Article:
4 Barbell Exercises You Should Try Adding Bands To

Take your standard barbell moves up a notch.

Resistance bands are one of my favorite training accessory tools. Not only can you stretch and train in multiple planes of motion  but adding them to barbell and dumbbell exercises challenges the muscle at the end of the motion where the weight feels the lightest.

Because the further the band stretches the greater the resistance which helps improve your lockout strength, especially in the vertical plane. And when added in the horizontal plane it helps improve technique and challenges core strength too.

If you are not adding bands to your training, you are missing out on all the fun.  

Editor’s note: This article is an op-ed. The views expressed herein and in the video are the author’s and don’t necessarily reflect the views of BarBend. Claims, assertions, opinions, and quotes have been sourced exclusively by the author.

[Related: 4 Dumbbell Exercises You Should Try Adding Bands To]

The Merits of Adding Bands 

Adding bands to dumbbells and barbells provides an underrated method in enhancing the effectiveness of free weight exercises: accommodating resistance.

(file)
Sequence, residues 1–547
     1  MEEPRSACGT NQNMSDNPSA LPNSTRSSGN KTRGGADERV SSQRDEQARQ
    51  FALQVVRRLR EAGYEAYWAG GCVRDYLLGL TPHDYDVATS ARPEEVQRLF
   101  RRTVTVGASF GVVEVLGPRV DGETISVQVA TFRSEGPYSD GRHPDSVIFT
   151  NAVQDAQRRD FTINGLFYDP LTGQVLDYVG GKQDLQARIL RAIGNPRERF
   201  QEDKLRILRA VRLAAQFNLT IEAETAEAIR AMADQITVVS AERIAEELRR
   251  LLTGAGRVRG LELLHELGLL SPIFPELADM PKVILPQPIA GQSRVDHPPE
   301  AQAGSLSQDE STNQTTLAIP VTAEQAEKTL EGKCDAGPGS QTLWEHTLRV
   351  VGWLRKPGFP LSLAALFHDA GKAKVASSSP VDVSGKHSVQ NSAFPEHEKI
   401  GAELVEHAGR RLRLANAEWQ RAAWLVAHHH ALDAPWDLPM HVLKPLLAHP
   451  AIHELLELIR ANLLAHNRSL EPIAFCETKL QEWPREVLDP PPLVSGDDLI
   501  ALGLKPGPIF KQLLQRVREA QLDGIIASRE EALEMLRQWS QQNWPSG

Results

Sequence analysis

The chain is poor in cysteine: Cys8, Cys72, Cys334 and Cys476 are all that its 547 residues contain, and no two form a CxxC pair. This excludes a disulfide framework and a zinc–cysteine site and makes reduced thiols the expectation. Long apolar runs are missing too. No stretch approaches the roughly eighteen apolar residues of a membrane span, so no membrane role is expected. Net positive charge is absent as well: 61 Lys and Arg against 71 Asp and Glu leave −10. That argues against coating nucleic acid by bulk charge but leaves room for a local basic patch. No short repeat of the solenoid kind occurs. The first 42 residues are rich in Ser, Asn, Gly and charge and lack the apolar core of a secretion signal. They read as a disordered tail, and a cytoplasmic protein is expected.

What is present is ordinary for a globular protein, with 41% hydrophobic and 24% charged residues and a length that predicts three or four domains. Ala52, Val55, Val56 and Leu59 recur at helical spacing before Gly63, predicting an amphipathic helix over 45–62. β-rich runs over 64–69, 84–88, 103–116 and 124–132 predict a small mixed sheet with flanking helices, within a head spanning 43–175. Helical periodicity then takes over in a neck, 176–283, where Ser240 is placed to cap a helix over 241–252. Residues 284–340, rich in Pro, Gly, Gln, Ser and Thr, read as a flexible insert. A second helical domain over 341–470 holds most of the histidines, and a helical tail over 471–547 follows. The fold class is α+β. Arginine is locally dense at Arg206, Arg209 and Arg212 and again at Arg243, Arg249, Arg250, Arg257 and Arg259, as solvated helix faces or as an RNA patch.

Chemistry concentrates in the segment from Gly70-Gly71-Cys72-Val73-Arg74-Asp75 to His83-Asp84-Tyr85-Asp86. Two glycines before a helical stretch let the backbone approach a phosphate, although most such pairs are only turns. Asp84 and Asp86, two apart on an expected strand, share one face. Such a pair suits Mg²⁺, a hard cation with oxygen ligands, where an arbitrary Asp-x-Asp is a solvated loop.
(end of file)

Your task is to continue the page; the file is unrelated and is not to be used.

Because bands improve the strength curve of free weight exercises by increasing tension at the strongest position (ie. lockout strength, when the weight feels its lightest) and decreasing tension in the weakest position (ie. at the bottom of a bench press).

But wait, there’s more.

It encourages you to use your fast twitch muscle fibers to blast through sticking points at lockout, so they help to increase your power and hypertrophy potential without the added stress of adding more plates.   

When added horizontally to deadlift or bent over row variations, the band forces you to engage your upper back to keep the bar close to you, which is pretty handy when you’re pulling heavy weight from the floor.

Here are 4 exercises you should consider adding bands to, to improve technique, lock out strength and train a little thing called the core.